Associated Press Article on Sculptor Bruce Gray
Lots of artistic creativity brewing at old Pabst plant in L.A.
By Denise Levin, Associated Press
The former brewery Bruce Gray calls home is fertile ground for the metal debris he needs for his "found art" pieces. It's also a safe place where hundreds of other artists provide daily support. The old Pabst Blue Ribbon Brewery near downtown Los Angeles is home to the largest colony of artists on the West Coast - if not the world. Gray, 40, scavenges for scraps and morsels that he turns into tables, wall hangings and sculptures. One of his most popular pieces stands 10 feet tall and resembles a cat. His best sellers are foot-high mini-kitties made of railroad track bolts and pipes. He also makes armadillos, pelicans and dinosaurs. "Just being around a lot of other artists has its advantages." the Boston native said. Gray collects everything from screws to motorcycles around the brewery and lays them out on a table until they "speak" to him. That conversation may lead to a neighbor who cuts metal or a fellow artist who develops film. With his work area and living space separated by a wall, Gray is free to work whenever he wants for however long he wants. "I kind of have a hard time taking time off." Gray said, "I like to have my art around me because I like my own work."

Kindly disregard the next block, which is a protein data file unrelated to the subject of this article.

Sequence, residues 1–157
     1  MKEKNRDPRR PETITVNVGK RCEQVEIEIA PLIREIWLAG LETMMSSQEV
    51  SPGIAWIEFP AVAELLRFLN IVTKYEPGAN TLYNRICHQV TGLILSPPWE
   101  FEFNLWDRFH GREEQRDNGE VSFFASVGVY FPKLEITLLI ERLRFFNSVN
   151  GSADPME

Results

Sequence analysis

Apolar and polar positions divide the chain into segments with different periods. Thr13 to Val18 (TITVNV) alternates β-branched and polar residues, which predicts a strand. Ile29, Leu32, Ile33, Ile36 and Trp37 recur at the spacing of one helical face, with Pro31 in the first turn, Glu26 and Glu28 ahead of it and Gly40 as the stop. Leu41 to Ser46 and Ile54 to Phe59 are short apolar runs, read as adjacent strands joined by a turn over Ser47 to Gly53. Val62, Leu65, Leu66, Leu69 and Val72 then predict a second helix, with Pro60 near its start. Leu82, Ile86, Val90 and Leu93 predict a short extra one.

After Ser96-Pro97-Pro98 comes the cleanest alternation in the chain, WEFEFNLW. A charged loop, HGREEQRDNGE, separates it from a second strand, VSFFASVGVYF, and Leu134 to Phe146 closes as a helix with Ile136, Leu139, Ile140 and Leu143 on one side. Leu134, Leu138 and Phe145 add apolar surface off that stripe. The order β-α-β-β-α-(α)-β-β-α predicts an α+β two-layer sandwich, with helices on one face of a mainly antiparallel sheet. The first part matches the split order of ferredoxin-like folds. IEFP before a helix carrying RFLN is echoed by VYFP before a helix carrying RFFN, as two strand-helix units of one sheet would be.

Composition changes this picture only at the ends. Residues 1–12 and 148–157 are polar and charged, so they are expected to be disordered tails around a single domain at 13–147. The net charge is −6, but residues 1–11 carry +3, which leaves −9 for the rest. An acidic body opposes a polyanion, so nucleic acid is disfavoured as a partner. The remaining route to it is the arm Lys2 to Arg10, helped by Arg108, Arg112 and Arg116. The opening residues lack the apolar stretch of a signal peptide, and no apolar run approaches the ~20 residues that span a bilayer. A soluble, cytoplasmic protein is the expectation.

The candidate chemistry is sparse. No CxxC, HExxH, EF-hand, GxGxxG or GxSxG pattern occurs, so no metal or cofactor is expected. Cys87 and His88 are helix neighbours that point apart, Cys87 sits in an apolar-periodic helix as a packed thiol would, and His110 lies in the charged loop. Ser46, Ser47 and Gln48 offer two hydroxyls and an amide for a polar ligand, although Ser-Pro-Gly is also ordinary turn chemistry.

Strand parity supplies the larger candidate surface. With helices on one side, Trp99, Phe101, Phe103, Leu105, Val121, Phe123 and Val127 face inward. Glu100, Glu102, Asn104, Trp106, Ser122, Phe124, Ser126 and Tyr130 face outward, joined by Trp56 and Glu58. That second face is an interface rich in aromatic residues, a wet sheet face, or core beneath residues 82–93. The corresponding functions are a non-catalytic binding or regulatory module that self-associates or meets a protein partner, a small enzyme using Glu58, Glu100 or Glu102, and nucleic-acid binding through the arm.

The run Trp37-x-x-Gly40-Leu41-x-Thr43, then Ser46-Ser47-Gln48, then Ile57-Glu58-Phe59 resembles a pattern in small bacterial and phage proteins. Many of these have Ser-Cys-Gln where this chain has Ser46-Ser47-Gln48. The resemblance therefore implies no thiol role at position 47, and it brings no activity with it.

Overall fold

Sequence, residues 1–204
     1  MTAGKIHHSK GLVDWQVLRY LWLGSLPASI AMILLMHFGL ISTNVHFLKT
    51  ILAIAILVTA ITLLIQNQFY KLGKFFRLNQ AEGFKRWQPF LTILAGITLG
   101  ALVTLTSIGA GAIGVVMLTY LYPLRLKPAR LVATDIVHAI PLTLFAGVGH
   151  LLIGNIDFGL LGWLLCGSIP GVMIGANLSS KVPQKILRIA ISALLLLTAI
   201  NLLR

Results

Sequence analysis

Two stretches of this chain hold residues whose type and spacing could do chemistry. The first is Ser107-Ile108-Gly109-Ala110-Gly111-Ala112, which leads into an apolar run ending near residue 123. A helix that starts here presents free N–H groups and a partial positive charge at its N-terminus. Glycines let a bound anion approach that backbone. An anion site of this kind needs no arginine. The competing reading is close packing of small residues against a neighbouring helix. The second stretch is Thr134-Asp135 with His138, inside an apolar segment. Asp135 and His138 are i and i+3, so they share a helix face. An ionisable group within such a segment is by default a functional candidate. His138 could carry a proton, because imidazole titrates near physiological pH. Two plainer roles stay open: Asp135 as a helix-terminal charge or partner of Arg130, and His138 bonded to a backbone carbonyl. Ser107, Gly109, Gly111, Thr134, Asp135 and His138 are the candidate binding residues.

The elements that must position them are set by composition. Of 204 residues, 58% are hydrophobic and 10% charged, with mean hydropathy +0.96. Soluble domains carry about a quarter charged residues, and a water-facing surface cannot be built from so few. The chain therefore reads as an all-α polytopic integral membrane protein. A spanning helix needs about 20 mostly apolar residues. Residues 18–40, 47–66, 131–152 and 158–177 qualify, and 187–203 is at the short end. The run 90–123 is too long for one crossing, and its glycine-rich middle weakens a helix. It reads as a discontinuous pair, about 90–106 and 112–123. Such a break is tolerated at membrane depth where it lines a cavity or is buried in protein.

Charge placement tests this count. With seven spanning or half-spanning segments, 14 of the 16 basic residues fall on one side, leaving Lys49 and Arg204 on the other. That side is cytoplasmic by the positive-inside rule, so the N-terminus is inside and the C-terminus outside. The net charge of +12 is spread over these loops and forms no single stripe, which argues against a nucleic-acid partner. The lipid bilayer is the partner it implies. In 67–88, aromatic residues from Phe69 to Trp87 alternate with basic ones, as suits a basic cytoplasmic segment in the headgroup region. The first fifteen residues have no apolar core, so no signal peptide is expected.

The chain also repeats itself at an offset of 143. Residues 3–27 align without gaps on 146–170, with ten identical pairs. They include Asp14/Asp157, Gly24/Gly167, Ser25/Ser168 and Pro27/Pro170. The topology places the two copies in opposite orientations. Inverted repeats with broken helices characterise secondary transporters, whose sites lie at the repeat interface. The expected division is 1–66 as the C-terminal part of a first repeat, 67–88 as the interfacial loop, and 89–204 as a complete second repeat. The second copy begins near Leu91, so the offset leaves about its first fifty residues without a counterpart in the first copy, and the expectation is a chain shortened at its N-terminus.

"We're a huge draw. When we do have an artwalk - they'll come out here because they have the chance to see many artists at once - and the chance to buy from the artist directly." Gray said.
Artist Bruce Gray sits atop a 10 foot high cat sculpture outside his workshop at the former Pabst Blue Ribbon Brewery in downtown Los Angeles, currently the largest artist complex on the West Coast.
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